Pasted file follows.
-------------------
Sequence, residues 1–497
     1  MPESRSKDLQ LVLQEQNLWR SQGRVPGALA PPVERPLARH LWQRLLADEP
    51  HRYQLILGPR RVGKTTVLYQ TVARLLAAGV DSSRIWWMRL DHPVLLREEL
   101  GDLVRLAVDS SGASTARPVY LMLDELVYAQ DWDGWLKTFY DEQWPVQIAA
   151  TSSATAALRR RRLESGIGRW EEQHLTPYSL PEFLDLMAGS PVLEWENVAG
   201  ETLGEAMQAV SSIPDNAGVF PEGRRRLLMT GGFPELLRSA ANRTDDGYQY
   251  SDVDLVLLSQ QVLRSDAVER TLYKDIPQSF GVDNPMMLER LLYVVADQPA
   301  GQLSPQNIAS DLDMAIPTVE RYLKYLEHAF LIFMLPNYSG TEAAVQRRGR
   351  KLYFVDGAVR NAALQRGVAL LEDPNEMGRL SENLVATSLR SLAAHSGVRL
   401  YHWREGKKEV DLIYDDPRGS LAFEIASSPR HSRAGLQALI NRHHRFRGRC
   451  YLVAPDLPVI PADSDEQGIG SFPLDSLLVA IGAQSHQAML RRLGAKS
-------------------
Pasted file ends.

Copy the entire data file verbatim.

Sequence, residues 1–497
     1  MPESRSKDLQ LVLQEQNLWR SQGRVPGALA PPVERPLARH LWQRLLADEP
    51  HRYQLILGPR RVGKTTVLYQ TVARLLAAGV DSSRIWWMRL DHPVLLREEL
   101  GDLVRLAVDS SGASTARPVY LMLDELVYAQ DWDGWLKTFY DEQWPVQIAA
   151  TSSATAALRR RRLESGIGRW EEQHLTPYSL PEFLDLMAGS PVLEWENVAG
   201  ETLGEAMQAV SSIPDNAGVF PEGRRRLLMT GGFPELLRSA ANRTDDGYQY
   251  SDVDLVLLSQ QVLRSDAVER TLYKDIPQSF GVDNPMMLER LLYVVADQPA
   301  GQLSPQNIAS DLDMAIPTVE RYLKYLEHAF LIFMLPNYSG TEAAVQRRGR
   351  KLYFVDGAVR NAALQRGVAL LEDPNEMGRL SENLVATSLR SLAAHSGVRL
   401  YHWREGKKEV DLIYDDPRGS LAFEIASSPR HSRAGLQALI NRHHRFRGRC
   451  YLVAPDLPVI PADSDEQGIG SFPLDSLLVA IGAQSHQAML RRLGAKS